Figure 1 demonstrates a mandibular molar with an apparent periradicular radiolucent area. A common conclusion would be that a necrotic pulp is the etiology in this case. The radiograph does not show deep caries or bone loss typical of a vertical fracture. In addition, thermal testing is within normal limits and a clinical exam failed to demonstrate a fracture. While further investigation is needed, there is no need for endodontic therapy in this case.

The clinical exam
The clinical exam should always be preceded by a complete and thorough review of the medical history. While it is beyond the scope of this article, it should be noted that a nonodontogenic source for symptoms mimicking endodontic pain is possible.

The clinical exam consists of both an extraoral and intraoral exam.

Extraoral exam
The key elements of the extraoral exam are to palpate the TMJ and associated muscles. Myofacial pain is often confused with endodontic pain.


Intraoral exam
Percussion
— Remember that pain to percussion is only a sign of inflammation in the periradicular tissues. Percussion sensitivity can be associated with many different etiologies. This includes pulpal and or periradiclular disease, traumatic occlusion, TMD and nonodontogenic causes. While percussion is a key component, this test alone does not determine the endodontic diagnosis. (Figure 2)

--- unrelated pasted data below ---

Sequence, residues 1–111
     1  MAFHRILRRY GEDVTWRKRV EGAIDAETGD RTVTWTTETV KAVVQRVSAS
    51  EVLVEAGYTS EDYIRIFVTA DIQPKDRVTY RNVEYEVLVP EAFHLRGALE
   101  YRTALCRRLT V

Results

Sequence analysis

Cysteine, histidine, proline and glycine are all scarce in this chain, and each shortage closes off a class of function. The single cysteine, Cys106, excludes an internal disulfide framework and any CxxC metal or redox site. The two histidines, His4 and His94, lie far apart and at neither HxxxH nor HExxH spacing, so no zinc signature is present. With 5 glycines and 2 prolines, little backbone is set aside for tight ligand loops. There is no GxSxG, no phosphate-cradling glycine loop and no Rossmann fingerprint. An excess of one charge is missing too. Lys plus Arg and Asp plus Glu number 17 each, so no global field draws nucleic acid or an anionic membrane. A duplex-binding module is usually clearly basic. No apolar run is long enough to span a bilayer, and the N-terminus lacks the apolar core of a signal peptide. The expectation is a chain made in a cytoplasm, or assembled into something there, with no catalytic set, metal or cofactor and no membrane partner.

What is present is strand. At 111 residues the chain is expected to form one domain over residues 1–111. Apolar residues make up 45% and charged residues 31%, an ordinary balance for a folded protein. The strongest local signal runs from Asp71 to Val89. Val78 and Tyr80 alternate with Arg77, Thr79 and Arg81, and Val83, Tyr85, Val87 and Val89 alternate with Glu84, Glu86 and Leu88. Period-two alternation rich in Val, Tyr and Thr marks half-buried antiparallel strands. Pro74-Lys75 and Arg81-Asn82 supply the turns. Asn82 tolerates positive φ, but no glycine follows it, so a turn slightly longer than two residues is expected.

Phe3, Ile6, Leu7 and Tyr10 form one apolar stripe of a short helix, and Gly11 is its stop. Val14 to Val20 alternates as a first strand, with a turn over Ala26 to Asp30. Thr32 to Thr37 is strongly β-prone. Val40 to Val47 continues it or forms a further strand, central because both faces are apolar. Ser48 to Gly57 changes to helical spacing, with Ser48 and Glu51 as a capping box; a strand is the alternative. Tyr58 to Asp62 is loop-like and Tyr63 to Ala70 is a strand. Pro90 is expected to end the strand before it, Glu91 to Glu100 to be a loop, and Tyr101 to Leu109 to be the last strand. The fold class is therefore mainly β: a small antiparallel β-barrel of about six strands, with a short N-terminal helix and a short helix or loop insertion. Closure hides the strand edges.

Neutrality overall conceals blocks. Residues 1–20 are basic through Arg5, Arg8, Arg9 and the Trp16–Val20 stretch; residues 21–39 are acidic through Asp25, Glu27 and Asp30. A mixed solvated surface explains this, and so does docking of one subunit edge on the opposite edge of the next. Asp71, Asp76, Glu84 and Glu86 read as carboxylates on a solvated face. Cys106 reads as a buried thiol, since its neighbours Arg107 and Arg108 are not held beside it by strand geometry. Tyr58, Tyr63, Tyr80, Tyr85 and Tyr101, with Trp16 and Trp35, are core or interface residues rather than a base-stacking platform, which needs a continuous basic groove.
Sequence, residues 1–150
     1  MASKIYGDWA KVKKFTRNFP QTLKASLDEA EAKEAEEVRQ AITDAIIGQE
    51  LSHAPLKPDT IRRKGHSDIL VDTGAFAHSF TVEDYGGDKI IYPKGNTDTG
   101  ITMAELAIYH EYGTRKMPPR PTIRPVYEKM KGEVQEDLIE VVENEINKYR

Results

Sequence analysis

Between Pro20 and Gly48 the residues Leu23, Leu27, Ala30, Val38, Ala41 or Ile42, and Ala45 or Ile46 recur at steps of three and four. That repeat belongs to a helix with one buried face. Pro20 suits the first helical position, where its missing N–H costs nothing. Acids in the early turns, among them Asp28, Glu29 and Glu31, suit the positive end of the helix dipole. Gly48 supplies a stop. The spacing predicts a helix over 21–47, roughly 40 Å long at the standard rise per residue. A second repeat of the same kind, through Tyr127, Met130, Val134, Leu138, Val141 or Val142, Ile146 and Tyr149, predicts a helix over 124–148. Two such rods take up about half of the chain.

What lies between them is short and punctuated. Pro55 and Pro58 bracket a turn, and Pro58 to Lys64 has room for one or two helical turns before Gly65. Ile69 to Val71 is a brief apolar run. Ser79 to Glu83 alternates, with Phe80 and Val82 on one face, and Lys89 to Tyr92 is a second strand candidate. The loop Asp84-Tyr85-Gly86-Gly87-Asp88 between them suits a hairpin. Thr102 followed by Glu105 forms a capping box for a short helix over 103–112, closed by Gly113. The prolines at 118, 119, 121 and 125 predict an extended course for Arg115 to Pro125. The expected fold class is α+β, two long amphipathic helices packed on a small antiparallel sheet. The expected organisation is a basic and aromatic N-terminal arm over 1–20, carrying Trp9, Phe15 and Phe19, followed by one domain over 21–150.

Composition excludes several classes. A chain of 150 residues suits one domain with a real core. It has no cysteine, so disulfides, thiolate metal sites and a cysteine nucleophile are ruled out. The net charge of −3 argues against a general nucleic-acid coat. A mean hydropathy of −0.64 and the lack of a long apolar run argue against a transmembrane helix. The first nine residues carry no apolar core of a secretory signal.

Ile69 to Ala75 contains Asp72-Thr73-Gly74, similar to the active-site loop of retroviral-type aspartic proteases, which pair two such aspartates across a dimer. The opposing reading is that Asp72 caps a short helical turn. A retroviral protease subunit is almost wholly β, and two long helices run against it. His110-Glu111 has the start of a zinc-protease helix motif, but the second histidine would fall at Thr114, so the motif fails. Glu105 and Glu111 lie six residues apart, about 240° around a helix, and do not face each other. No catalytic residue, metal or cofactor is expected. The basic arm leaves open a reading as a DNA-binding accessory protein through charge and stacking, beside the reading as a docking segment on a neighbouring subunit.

Palpation — Palpate in the area of the root apices. This is the most common area for pain with palpation to manifest itself when it is associated with a diseased pulp. (Figure 3)

Thermal testing — Thermal testing is a key component in endodontic diagnosis. The most simple and common thermal test is the cold test. A useful tool is refrigerant spray, which is easily applied to a cotton pellet. The cold pellet is then placed on the tooth, approximating the location of the pulp chamber. If a crown is present, place the cold closer to the crown margin.

Refrigerant spray — First establish a baseline with thermal tests. Before testing the suspected area, establish a normal in a different quadrant. (Figure 4)

The following guidelines can be used to interpret the cold test results: